The word on the street is that nerds have become cool again, and one thing synonymous with hardcore nerdom is computer programming. Once, programming was seen as the province of only the most dedicated people — those willing to learn a new language and write line upon line of tedious code. Twenty years ago, when those few of us who had PCs were running DOS (the ancient times before Windows or Mac OS!), the 3-2-1 Contact print magazine included reader-submitted programs written in BASIC that patient subscribers could enter and run on their own computers. Well, programming still requires patience and careful attention to detail if programs are going to run, but there are more resources available than ever for people (including kids) interested in learning the fundamentals of programming. With basic HTML infusing even the most entry-level blogging and commenting experiences, a desire to learn important programming syntax and concepts is slowly working its way into the layperson’s consciousness and becoming less of an anomaly.
BASIC still has lessons to offer the new programmer, but it has been displaced by a number of newer languages. One example is Ruby, an open-source option developed by Yukihiro Matsumoto, who wanted to create a powerful language that put the human programmer’s needs before the computer’s in a pleasant user interface (2003: Artima Developer). I’m not a programmer — just an interested bystander — but from what I can tell when looking up entry-level languages, the two that seemed to come up the most in discussions about starting languages were Ruby and Python. And for which language did the blogosphere keep dropping how-to resources into my lap? Ruby. Of these resources, the one I liked the best was Hackety Hack, a freeware application, including self-paced programming tutorials, for Windows, Mac, and Linux systems.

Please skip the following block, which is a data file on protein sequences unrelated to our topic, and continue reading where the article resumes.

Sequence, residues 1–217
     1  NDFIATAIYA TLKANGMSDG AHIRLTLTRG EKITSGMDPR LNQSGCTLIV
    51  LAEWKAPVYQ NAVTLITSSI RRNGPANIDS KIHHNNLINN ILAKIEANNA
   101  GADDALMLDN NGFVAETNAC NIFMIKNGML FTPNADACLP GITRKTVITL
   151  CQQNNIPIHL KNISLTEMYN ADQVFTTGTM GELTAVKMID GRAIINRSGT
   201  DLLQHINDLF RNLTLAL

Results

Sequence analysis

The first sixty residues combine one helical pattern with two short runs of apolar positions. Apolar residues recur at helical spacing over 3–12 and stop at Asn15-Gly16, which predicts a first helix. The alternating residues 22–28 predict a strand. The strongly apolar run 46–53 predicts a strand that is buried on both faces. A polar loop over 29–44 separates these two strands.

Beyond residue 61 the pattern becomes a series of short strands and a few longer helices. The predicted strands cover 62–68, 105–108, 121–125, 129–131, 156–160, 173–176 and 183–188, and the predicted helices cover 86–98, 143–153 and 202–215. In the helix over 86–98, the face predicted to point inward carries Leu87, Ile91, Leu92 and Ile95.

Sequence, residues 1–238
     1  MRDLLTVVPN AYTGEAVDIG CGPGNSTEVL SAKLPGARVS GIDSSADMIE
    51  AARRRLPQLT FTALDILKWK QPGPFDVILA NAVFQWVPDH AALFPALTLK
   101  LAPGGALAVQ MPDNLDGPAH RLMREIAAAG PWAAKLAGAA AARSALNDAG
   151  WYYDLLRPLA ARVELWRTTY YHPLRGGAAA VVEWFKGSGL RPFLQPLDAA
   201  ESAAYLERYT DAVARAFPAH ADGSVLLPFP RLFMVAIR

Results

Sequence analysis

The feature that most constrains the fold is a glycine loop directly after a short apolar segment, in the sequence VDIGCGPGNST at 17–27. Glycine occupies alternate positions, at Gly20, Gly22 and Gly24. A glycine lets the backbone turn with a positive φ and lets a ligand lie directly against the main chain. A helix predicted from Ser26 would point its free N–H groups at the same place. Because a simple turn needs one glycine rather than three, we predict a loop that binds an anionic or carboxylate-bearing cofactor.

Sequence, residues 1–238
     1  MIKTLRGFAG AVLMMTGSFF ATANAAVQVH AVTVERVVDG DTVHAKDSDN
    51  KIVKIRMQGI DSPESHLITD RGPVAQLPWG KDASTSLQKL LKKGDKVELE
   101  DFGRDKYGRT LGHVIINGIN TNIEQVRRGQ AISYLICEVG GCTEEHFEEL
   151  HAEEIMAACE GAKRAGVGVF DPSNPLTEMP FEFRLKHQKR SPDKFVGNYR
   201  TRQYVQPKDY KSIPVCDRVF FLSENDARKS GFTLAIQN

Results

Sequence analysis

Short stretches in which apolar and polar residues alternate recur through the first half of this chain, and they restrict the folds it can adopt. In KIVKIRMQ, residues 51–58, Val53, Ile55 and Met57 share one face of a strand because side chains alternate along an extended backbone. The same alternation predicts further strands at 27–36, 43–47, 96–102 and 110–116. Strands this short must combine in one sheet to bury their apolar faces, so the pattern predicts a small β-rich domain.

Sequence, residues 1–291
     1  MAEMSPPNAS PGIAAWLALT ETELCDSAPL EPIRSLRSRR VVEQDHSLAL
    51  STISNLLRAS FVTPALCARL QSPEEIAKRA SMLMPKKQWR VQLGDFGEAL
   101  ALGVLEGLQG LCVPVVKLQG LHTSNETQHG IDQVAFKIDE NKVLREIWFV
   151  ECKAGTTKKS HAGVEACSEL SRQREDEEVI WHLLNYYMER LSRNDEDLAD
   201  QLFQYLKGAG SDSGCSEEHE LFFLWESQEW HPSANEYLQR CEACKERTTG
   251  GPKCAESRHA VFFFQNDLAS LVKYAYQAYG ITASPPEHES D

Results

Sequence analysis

Once installed, Hackety Hack’s tour walks the user through its friendly interface. Working in a split screen with instructions on the left and the compiler (a program that runs the specific coding language you’re writing) window on the right, it’s easy to go through the exercises and double-check your work when you inevitably miskey your code. I don't know if it's a Ruby, Shoes, or Hackety Hack feature, but the different parts of Ruby speech (can you tell I used to be an English teacher?) are automatically color-coded in the programming window, which is really helpful for seeing the structure and syntax of the code you're entering. There’s a strong (if a tad disorganized) online community of users available for posting questions and sharing links, and your profile allows you to publish programs you’ve written.
The application downloads with only four lessons, which is unfortunate because after completing them, I still felt like I’d barely scratched the surface and wasn’t too confident in my own mastery of the concepts provided; however, this could very well be due to my own lack of facility. When I posted a question asking about more material, I got two responses within 24 hours, one with a link to resources on other sites. These resources were ones I’d already found in my preliminary research on Ruby, but it was nice to know that the forums I’d browsed were on the level.
- Price Structure: Free
- Easy, non-intimidating user interface
- Included lessons do an excellent job of walking a newbie through the exercises
- Good sandbox (testing ground) for user-created programs
- Responsive community board
- Ends after four lessons
Additional Resources for Learning Programming
- Learn to Program. Chris Pine. Highly recommended in a number of forums; commentors say that this is a great guide for someone without any programming experience to learn real fundamentals (online tutorial on the left).
- Try Ruby!. Andrew McElroy and David Miani. A 15-minute in-browser tutorial to get started with wherever there’s a web connection.
What is your favorite entry-level programming language? Have you done programming projects with your youth? Any great resources to share? Tell us about it in the comments!